By SG Web Reviews (guest contributor)
Recently, I bought an endowment plan after much discussion with my wife. I had purchased it under my name, but the money upon maturation was to be used for our daughter’s university education. Since I am the sole breadwinner, we both agreed that I should be insured; the policy would provide for my daughter’s education fees even if I were to encounter any mishap.
Aside from having a savings plan as a financial safeguard, I have striven to cultivate in my daughter consistency and prudence in managing her finances. Such qualities are crucial in a city like Singapore, where reckless spending comes with dire consequences. To this end, my wife and I firmly believe in the critical role of parents in shaping their child’s financial destiny.
Here are some of my recommendations to help you do the same:
1. Lead by example
It is common knowledge that children learn how to behave by observing their parents — even toddlers as young as 14 months of age are highly adept at reading social cues. It follows that if your financial situation is consistently in bad shape, you are unlikely to hold any sway over your child when you try to educate him/her on financial prudence.
As a parent, remember to walk the talk and lead by example. If you want to inculcate good saving habits in your child, you have to be practicing them yourself. Reduce your debts and monitor your expenses. You will be surprised to find that, over time, your child will pick up good financial habits even without your explicit instruction.
2. Instill the right values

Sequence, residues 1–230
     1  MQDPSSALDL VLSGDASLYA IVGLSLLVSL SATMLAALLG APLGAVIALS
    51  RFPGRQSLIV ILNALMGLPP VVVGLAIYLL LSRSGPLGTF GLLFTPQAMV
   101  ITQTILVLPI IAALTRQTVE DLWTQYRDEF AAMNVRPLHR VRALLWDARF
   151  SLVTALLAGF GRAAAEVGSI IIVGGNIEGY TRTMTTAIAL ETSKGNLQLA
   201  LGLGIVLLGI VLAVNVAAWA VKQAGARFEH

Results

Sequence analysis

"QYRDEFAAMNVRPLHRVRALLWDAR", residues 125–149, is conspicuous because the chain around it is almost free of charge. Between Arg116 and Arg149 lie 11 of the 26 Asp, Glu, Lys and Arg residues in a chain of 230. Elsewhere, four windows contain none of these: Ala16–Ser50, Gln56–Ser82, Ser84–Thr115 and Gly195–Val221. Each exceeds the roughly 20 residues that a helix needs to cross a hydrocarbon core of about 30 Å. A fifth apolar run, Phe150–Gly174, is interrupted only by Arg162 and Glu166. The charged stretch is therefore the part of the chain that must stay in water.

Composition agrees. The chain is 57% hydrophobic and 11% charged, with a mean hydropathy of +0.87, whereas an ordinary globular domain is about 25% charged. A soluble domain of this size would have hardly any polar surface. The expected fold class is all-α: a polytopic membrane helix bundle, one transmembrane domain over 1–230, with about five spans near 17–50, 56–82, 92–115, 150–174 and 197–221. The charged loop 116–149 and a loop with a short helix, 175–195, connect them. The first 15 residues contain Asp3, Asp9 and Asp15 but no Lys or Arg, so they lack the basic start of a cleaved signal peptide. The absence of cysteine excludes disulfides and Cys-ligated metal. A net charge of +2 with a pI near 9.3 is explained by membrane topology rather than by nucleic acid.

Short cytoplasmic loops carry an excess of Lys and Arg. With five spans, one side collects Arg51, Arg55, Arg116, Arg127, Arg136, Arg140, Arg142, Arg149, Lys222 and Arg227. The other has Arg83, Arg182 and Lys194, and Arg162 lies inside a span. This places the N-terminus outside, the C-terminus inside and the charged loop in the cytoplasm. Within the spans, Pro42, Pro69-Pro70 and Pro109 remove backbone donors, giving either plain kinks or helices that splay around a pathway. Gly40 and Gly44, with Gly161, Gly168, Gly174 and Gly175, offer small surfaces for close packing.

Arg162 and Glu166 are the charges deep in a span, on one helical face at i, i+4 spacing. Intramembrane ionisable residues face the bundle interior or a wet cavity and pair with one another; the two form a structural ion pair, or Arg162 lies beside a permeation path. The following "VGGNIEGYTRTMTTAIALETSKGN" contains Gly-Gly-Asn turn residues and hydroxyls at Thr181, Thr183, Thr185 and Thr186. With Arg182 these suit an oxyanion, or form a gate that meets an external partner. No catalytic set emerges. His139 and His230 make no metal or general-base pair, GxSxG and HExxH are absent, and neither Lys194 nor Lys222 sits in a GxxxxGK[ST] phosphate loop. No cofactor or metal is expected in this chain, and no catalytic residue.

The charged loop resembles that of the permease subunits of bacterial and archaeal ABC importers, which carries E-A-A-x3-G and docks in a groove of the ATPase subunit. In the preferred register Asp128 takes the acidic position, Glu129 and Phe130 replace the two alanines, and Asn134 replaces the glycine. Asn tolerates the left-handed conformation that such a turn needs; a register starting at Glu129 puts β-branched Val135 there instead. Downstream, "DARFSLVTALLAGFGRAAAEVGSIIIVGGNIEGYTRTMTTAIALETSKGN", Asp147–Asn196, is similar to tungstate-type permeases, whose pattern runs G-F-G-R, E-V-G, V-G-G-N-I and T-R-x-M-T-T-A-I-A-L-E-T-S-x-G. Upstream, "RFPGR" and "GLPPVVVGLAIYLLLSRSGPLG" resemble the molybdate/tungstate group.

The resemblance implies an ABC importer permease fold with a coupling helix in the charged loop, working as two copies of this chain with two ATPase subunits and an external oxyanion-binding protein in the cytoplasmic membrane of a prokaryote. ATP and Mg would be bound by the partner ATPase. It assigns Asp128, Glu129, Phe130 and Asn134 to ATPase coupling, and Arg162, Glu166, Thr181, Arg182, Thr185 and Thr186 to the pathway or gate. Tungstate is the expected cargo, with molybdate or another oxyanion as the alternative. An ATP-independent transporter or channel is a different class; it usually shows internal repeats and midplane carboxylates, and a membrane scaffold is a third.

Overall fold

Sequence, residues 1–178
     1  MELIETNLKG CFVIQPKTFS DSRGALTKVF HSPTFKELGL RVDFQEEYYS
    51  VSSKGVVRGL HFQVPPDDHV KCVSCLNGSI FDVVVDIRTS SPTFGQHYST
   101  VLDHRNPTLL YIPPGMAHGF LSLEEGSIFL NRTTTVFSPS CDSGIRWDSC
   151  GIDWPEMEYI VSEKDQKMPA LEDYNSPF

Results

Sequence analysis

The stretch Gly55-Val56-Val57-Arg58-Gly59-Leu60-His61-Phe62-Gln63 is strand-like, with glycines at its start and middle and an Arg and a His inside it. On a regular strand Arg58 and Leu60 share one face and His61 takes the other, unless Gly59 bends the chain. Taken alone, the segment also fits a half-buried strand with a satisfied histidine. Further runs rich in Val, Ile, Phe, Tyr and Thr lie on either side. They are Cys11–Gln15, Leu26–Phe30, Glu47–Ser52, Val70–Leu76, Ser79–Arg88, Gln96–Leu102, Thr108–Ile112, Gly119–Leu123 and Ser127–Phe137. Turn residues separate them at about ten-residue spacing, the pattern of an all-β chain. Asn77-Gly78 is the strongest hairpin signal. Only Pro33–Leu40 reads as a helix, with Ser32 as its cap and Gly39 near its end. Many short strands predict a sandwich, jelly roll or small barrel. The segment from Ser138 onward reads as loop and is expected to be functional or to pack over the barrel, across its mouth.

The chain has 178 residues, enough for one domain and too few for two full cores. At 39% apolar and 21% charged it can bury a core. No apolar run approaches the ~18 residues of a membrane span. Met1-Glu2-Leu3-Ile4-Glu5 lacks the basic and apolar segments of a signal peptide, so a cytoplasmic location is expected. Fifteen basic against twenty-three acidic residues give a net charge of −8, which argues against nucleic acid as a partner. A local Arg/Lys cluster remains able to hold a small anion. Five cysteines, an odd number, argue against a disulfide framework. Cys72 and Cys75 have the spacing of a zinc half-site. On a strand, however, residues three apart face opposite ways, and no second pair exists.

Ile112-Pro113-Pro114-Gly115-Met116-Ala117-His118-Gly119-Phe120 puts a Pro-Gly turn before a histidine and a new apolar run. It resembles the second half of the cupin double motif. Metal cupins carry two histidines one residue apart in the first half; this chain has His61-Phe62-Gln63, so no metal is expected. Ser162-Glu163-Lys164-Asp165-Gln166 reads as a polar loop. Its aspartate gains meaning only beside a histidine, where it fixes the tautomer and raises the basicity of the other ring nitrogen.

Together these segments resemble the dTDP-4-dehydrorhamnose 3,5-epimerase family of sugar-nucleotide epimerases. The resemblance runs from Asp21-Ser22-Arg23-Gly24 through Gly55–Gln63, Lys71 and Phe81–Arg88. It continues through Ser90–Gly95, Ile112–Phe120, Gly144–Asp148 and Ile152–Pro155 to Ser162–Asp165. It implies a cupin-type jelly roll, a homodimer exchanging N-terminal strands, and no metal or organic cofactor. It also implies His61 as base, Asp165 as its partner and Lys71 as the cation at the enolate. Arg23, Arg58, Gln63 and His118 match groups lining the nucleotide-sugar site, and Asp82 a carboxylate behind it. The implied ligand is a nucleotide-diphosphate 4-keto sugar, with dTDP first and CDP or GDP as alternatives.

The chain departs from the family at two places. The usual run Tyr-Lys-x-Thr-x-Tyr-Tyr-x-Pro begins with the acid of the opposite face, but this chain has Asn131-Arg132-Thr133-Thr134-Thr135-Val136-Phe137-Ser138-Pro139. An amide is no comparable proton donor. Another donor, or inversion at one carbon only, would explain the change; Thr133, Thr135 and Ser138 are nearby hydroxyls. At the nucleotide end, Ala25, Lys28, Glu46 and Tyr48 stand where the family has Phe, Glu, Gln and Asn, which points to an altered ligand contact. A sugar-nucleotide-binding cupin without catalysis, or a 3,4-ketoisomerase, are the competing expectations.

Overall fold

Help your child to distinguish between needs and wants. If your child can grasp the difference, he/she will be able to appreciate the value of money and refrain from spending impulsively. On the other hand, if they happen to spend their money injudiciously, do not bail them out right away. Allow them to experience the consequences instead, so that they will be less likely to repeat their mistakes.
On another note, many Singaporean parents shower their young with expensive electronic gadgets, under the misconception that these would make their children IT-savvy. However, these often constitute more of a “want” than a “need”. It is important, instead, to have more face time with the children — personally I see chess and board games as healthier means of engaging with my daughter.
3. Introduce budgeting
Budgeting is a worthy skill that is not taught in school. However, its simple principles mean that parents can easily teach it to their children. You can start off simply by teaching your child how to allocate weekly expenses for food, stationery supplies and clothes. Monitor your child’s budget for a few months and adjust if necessary.
In addition, let them participate when you are drawing up the monthly household budget with your spouse — he/she can pick up tips by observing your practices. When your child becomes older, start giving allowances on a monthly, rather than weekly basis. This would compel the child to think long-term when budgeting.
4. Respond with rewards
Try to reward your child when he/she accomplishes the tasks you have set. The amount can be as little as $1 so that the child can appreciate the value of exchanging hard work for monetary rewards. Setting achievable tasks and rewarding your child would also encourage them to save diligently. Buy piggy banks for your child to facilitate their saving habit. Over time, you can open a bank account for your child and deposit the accumulated coins. Having their own saving accounts gives children a sense of ownership. Allow them to reward themselves with what they have saved up.
By guest contributor SG Web Reviews, a Singapore blog on business ideas.